"Hmmm... I watch the Discovery Channel a lot - as a matter of fact, most times I watch TV, it's something on Discovery. As interesting as many of the programs are, I'd say that 90% are ruled by entertainment rather than education. That's "modern entertainment", based on a recipe of danger, discord, difficulty, a fool we can laugh at, and basted with high-tech (or otherwise impressive) gear and a soothing-voiced narrator.

    If I was asked to predict what a show like this will be turned into, I'd say ok, first of all, since they want people who have no experience whatsoever in homesteading, there'll be scenes of Mom ineffectually wrestling a big pig in the mud during a rain storm... Dad trying to help with the laundry and wrecking everybody's undies with lye (making men do women's work and vice versa is a hoot as entertainment goes)... the kids being total brats and whining for computer games... meals being barely edible, nights being mosquito-infested, horses taking off at least once, and possibly an outhouse emergency of some sort or another.

    All participants, including the advisors/teachers, will be attractive and initially charming, with the less-polished look and bouts of personal discord appearing about an hour into the show. Individual interviews with the participants will reveal personal dislikes of others, complete with detailed criticism of others' actions or lack thereof.

    Equipment will fail or turn out to be unsuitable for the job at hand, tempers will flare, kids will whine some more before everybody gathers around the wood cookstove in pretty bonnets to sing a song before a dinner of beans and bacon.

    It's been done before... education doesn't sell, but entertainment does, so that's what it'll be. It takes an open mind to look past all the hoopla and the sales points to garner some education from TV shows of any kind these days, but if you're willing to sit through hours of "same old" to catch what's worth seeing, a program like this might suit you

    One thing I'm certain they won't show is the self-reliant participants butchering a live animal for the kitchen. Murder and mayhem is quite acceptable on TV, but filming the killing of an animal would probably earn them a lawsuit for cruelty. It's really better from a business point of view to stick with bonnets, mud, and whining."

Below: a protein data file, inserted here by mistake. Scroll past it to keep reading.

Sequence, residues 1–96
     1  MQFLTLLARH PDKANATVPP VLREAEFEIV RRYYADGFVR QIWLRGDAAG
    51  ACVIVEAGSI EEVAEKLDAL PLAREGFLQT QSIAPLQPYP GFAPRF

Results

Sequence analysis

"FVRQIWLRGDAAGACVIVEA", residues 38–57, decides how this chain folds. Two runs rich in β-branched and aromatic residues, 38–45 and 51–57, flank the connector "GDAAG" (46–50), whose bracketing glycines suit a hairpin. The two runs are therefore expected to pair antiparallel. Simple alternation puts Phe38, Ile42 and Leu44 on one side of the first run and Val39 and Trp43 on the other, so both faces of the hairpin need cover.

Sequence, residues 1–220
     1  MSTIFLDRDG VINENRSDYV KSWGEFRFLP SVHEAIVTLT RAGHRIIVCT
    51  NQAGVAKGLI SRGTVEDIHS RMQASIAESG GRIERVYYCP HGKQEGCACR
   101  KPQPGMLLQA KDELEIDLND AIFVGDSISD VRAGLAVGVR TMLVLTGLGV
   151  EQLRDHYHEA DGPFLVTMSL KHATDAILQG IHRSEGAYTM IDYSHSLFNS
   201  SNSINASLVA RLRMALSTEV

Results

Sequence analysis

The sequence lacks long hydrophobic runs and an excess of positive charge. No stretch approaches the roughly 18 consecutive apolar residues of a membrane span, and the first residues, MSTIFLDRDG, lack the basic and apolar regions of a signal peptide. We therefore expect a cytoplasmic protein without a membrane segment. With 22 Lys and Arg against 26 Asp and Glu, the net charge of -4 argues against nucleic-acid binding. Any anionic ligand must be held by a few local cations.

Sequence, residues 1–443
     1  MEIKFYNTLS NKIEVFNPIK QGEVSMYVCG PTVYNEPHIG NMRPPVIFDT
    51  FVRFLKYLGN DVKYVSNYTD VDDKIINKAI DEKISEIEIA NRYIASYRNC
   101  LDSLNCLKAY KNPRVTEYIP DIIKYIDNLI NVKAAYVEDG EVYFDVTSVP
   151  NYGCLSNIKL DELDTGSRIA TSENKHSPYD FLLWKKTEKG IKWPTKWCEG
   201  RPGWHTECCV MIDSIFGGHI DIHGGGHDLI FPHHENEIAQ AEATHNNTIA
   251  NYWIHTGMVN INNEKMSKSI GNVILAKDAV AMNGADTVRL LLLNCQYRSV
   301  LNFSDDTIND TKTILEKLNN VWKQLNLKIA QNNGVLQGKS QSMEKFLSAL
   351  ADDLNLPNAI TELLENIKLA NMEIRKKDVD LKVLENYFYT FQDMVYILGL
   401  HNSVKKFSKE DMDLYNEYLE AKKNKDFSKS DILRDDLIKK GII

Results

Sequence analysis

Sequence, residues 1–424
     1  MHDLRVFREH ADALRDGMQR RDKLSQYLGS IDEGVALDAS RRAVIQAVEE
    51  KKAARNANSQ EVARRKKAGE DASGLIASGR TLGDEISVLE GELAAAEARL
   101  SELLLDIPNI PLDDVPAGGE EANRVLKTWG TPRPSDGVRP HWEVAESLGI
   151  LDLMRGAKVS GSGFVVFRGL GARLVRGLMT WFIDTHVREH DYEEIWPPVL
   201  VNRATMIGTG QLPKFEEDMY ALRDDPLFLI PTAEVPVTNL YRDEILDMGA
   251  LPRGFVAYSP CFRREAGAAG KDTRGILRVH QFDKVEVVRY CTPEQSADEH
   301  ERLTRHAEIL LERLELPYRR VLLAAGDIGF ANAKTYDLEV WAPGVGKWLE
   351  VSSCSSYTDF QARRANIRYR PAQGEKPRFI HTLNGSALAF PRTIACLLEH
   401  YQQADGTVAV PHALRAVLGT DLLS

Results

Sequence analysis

I think it would discourage more people from the homesteading lifestyle. And it should. If you are inspired to do this by a reality TV show, you really shouldn't be risking your family's well being in the first place.

    __________________
     
  10. CoachVince

    CoachVince Member

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    Even PBS showed a few like this; "The (insert time period here) House";

    Lots of lower class upper class issues, conveniences, slackers frustrating people with work ethics, etc. I would not go onto this expecting it would be ANY easier, I would in fact expect doing it to be MUCH HARDER if you know you are being recorded.

    A real inspiration for many would probably be watching (or better yet, just living with) a family that have made homesteading work for them, on their own terms. Not for one day, and maybe not for a week; but for a month or a year. The satisfaction of being more self-reliant, of often not having to deal with commuter traffic, or the noisy neighbors upstairs/next door, etc.; the enjoyment after a day's work that all went into YOUR family and property, and not a bit to anyone else (OK, that's not completely healthy, but it can be true).

    Some would decide they could never do it, but some would see that there really is a payoff. And that's why we have city mice and country mice.